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Restaurant Bouillon Julien – Paris, France


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London-based designer John Whelan lived in Paris for a decade which, of course, doesn’t make him a Parisian, but it does give him an inside perspective.

With that perspective, he’s bravely guiding a series of French bouillons to an intriguingly confusing combination of decay and novelty.

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A bouillon used to be a slightly less-expensive brasserie, an everyman’s version of the important centre of social life, culture and culinary enjoyment.

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Bouillon Julien in Paris is Whelan’s take on how it would feel if you ‘descended into a hallucinogenic fish tank’, as he has been quoted as describing the restaurant.

The restaurant is a true Parisian landmark, located on Rue du Faubourg Saint-Denis, and yes, the interior is crazy.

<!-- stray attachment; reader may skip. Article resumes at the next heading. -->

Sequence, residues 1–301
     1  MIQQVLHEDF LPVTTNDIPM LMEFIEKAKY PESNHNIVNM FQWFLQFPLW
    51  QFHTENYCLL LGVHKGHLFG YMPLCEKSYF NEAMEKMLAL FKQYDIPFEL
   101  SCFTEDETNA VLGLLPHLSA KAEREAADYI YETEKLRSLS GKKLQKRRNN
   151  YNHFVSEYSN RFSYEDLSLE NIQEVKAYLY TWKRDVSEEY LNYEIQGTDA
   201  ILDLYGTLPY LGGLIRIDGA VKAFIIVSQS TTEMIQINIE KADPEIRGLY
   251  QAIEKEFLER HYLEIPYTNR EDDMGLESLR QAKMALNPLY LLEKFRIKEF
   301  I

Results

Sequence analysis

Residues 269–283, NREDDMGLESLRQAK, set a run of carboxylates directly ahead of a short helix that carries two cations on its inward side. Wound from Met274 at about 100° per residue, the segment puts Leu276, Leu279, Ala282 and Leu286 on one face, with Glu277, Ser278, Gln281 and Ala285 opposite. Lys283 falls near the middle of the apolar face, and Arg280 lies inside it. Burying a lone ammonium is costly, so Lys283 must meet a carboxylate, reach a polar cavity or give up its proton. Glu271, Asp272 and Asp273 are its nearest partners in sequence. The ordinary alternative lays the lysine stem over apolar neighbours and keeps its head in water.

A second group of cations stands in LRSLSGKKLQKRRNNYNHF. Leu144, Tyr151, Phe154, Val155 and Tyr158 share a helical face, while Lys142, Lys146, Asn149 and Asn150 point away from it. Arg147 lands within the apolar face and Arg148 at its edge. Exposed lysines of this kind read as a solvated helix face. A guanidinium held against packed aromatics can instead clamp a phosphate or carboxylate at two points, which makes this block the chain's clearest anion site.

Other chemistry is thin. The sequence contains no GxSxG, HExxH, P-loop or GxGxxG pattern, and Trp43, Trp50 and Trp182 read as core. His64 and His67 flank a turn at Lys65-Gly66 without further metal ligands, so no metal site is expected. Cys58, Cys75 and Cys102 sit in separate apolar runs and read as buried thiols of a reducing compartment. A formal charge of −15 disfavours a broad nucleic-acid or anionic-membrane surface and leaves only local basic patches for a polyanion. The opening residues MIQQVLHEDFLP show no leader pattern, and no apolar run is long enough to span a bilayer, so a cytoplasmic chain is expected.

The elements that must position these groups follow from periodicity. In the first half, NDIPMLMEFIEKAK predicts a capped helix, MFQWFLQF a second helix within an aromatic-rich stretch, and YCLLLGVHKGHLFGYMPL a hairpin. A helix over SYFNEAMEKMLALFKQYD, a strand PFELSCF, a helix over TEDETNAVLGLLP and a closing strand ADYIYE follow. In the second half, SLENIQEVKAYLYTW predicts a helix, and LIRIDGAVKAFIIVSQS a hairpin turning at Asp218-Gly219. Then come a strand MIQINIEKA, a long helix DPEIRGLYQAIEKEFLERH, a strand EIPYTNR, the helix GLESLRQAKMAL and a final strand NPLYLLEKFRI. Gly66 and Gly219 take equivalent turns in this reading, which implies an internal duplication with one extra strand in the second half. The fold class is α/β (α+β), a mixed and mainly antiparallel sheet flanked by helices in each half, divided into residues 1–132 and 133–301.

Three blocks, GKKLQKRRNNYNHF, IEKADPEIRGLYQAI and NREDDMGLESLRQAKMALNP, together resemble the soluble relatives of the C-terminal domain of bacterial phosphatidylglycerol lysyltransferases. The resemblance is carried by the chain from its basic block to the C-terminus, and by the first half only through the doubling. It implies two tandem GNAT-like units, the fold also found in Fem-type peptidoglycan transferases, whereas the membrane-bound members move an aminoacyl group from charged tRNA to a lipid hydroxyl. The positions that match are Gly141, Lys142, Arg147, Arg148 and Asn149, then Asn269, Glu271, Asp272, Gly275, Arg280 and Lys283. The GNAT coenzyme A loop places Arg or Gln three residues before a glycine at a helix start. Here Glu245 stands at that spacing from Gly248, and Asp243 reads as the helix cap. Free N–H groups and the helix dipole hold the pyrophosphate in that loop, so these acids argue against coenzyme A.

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The strange, faded colours, disparate decorative elements and supremely ugly carpeting all add to a sense of time-earned chaos.

But what we love most is its lovely feel of decay, of being a slightly unkempt backdrop for dramatic lives lived, poems recited, chansons sung and champagne drunk. It’s all a bit too much, yet you wouldn’t want to take anything away from it.

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Whelan’s company, The Guild of Saint Luke, is an affiliation of artists, architects and artisans that operates in both Paris and London.

Bouillon Julien is part of a larger deal to renovate 15 brasseries in France, all owned by Les Grandes Brasseries de l’Est.

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Previously, Whelan’s team has completed the re-imagining of Brasserie Floderer in the 10th arrondissement of  Paris and the Brasserie Excelsior in Reims. Tuija Seipell.

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